Next was Bombers. Coincidentally enough I'd just heard of them earlier in the day after receiving a press release regarding their support dates with Bayside. I didn't actually listen to them at the time, but their MySpace had listed them as "indie / pop / punk;" thus I assumed they played some type of unassuming indie pop. I'd also say that was pretty far off base. The first couple songs from the three-piece sounded sort of like the album Alkaline Trio is on pace to make in another five years; one of the guys sounded so much like (albeit, a little underdeveloped) Bayside's Anthony Raneri I was convinced it was either him or a direct relative. Their drummer even looked like Dan Andriano -- complete with Andriano's new snazzy glasses. But here's the thing: halfway through they played some weird power-pop song that began with a line talking about alligators -- and the next had dance beats. I didn't really know what to think. While they promised two more songs, I suppose their time was up and the set was forced to end abruptly. I bet their 10-15 friends and family that left immediately after they played were pretty pissed; I couldn't really remotely give a shit, obviously. Not horrible per se, but I've spent better 15 minutes.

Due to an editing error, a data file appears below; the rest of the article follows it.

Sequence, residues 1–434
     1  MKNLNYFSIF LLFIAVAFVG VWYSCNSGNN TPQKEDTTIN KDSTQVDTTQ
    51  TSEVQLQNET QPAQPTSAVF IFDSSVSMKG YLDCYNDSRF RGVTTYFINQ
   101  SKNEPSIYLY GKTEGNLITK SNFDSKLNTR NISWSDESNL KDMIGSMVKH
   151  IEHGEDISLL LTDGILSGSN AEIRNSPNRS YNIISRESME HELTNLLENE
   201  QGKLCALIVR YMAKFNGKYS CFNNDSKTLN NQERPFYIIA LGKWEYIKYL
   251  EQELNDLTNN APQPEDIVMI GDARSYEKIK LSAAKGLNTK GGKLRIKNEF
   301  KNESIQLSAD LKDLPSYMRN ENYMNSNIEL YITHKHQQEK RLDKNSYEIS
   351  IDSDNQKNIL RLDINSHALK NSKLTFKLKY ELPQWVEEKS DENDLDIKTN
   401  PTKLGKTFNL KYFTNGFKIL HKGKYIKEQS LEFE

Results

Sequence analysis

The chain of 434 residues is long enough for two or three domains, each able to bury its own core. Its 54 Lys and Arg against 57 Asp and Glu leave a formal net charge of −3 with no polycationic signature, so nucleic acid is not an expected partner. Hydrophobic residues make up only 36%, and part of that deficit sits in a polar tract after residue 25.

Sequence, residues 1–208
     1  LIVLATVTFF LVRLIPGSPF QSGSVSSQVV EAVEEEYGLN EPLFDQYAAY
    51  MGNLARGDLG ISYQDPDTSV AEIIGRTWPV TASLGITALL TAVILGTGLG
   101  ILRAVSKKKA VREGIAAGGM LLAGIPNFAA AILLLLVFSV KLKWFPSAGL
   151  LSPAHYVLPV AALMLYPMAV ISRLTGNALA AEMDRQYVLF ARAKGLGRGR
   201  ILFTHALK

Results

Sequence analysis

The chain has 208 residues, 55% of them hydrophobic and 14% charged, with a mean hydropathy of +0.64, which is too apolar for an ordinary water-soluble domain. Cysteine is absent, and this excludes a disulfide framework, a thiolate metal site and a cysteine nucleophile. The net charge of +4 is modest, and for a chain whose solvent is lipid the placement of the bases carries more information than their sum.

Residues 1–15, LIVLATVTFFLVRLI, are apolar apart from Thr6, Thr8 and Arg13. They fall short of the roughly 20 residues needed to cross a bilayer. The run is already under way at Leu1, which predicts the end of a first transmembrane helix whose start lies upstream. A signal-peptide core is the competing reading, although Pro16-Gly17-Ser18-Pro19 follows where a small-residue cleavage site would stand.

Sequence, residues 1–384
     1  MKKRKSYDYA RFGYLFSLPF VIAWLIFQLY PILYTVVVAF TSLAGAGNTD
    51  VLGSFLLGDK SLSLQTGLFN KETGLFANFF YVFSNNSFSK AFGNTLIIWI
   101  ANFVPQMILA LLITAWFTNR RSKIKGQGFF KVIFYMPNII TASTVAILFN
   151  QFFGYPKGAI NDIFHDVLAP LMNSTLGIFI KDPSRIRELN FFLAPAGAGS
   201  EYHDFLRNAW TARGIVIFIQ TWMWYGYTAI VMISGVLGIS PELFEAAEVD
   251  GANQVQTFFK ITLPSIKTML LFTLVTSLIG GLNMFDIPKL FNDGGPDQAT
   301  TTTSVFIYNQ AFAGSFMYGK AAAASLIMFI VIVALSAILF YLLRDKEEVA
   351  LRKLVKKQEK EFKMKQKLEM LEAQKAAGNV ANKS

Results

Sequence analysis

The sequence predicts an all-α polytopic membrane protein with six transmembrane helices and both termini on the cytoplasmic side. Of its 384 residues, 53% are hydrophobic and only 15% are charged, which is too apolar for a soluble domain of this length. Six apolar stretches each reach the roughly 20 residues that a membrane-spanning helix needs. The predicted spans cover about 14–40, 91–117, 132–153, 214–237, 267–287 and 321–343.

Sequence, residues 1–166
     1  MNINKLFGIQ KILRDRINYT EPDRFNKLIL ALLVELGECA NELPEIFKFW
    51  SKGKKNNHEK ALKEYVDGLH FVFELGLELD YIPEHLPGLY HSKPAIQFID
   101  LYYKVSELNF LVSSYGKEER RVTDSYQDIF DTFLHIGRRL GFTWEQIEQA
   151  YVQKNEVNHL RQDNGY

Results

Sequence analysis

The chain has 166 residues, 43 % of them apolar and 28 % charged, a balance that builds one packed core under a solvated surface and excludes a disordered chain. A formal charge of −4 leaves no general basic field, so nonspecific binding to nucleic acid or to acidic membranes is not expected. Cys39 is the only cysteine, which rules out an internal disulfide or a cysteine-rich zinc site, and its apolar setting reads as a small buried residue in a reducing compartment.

At this point I still hadn't a clue to the actual lineup going down that night, but once I caught a surprising glimpse of that black stand-up bass I was thrilled; the Living End's instruments were taking their respective places on the stage. At 9:04 the trio modestly walked on to rousing applause for the crowd of 40 -- the number of people standing anywhere in or near the vicinity of the stage. Honestly, it's been a while since I've seen a band play as flawless as them; I was well aware I was witnessing one of punk's most talented acts, but it wasn't until a song in the encore that it sounded like they actually missed a note -- and I think even that was due to an out of tune guitar. They played what I felt were the better songs off State of Emergency too, and all came off splendid in the live setting -- even the quasi-ballad "Nothing Lasts Forever" thanks to its ridiculous hook. The audience benefited from the intimate setting in more ways than one: The band acknowledged and played two requests, both of which were from a single patron; "Fuck the set list," cracked Chris Cheney before tearing into "Monday" with the rest of the band. In the other request, the band offered a long, methodical pause before launching into the big stomp of "Uncle Harry." "All Torn Down" found the band delivering a fantastic, extended bridge, Cheney wailing away like a modern day Johnny B. Goode there and during an instrumental (which may or may not have been "Hellbound," doubtful though) where he held a foaming beer in one hand and his dancing pick in the other. Scott Owen rode his big bass effortlessly during "Second Solution," and Cheney even hopped on without a hitch for the final cut, "West End Riot" (though I'd have preferred another riot, the one on Broadway). Andy Strachan deserves a mention too for holding it down so consistently too.